The other week, at the end of a day-long legislative meeting wrapping up much of the year-end business of the Council, I was riding the bus home, a little wiped out but at the same time feeling incredibly lucky to have this opportunity to work on behalf of our community. Throughout that day at the Council, we worked on huge topics including campaign finance reform, establishing a new hospital in the Eastern part of our city, and passing some of the most ambitious environmental legislation in the nation.
In between, we worked on bills to create affordable housing in Hill East, regulate tour bus parking in Southwest, and create an independent research partnership to support evidence-based improvements in our public schools. All the while, my office and staff were answering calls and emails from neighbors around Ward 6 with questions or requests for city services. That's what I love about this work and what I love about representing Ward 6 -- everyday, working together with neighbors like you, we work on the issues that matter most to you.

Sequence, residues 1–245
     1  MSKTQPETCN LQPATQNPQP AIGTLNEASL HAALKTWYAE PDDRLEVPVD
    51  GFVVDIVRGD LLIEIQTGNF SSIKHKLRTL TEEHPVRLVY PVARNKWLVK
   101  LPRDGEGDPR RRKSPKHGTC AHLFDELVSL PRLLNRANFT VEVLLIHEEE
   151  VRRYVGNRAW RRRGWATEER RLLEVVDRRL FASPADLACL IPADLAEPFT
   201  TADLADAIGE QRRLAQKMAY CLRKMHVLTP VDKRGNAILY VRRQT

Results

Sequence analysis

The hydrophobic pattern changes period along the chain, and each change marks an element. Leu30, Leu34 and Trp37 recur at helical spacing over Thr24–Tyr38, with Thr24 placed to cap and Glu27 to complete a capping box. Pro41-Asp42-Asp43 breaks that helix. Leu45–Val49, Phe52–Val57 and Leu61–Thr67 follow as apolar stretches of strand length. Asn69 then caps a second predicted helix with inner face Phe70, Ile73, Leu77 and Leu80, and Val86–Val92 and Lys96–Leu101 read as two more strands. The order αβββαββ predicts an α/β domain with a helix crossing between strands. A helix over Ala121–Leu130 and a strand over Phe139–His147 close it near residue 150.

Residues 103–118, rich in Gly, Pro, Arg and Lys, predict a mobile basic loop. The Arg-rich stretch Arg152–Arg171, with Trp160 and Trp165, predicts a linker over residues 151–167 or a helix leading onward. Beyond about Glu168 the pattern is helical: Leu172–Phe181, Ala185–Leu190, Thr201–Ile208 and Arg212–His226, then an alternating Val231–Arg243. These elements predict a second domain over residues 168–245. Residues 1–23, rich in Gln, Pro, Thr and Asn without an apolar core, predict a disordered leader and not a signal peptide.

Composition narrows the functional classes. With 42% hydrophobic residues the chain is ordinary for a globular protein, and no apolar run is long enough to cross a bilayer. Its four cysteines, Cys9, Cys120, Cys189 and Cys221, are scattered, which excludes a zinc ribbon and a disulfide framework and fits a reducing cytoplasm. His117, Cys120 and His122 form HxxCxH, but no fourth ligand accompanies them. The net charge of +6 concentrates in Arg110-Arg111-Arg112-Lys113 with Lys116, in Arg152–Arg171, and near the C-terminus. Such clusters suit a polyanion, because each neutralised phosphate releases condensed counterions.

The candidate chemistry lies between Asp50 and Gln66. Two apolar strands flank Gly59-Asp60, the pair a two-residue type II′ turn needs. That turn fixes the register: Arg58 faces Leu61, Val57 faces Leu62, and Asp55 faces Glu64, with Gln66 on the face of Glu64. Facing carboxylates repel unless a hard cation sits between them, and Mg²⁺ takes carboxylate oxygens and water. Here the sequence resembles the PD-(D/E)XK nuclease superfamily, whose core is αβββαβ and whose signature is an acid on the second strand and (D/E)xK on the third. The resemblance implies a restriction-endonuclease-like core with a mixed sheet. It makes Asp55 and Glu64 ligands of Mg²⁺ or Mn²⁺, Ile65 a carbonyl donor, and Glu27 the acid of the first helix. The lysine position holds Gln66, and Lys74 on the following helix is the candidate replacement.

I’m proud of the work we’ve done together, and honored that you’ve given me the opportunity to continue for another term.
Next week, on January 2, at 9:30 am, I’ll be sworn in for my second term as your Ward 6 Councilmember at the Washington Convention Center. Please join me for this special event! Afterward, my staff and I will be holding an open house (with snacks!) at the John A. Wilson Building (1350 Pennsylvania Ave, NW) in Suite 110 from 1:30-3:30 pm. Please stop in and see where we work on your behalf and chat with me about what we should be focused on in the new year.
Before we jump ahead to January, I wanted to take a moment to look back at both 2018 and my first term as your Ward 6 Councilmember: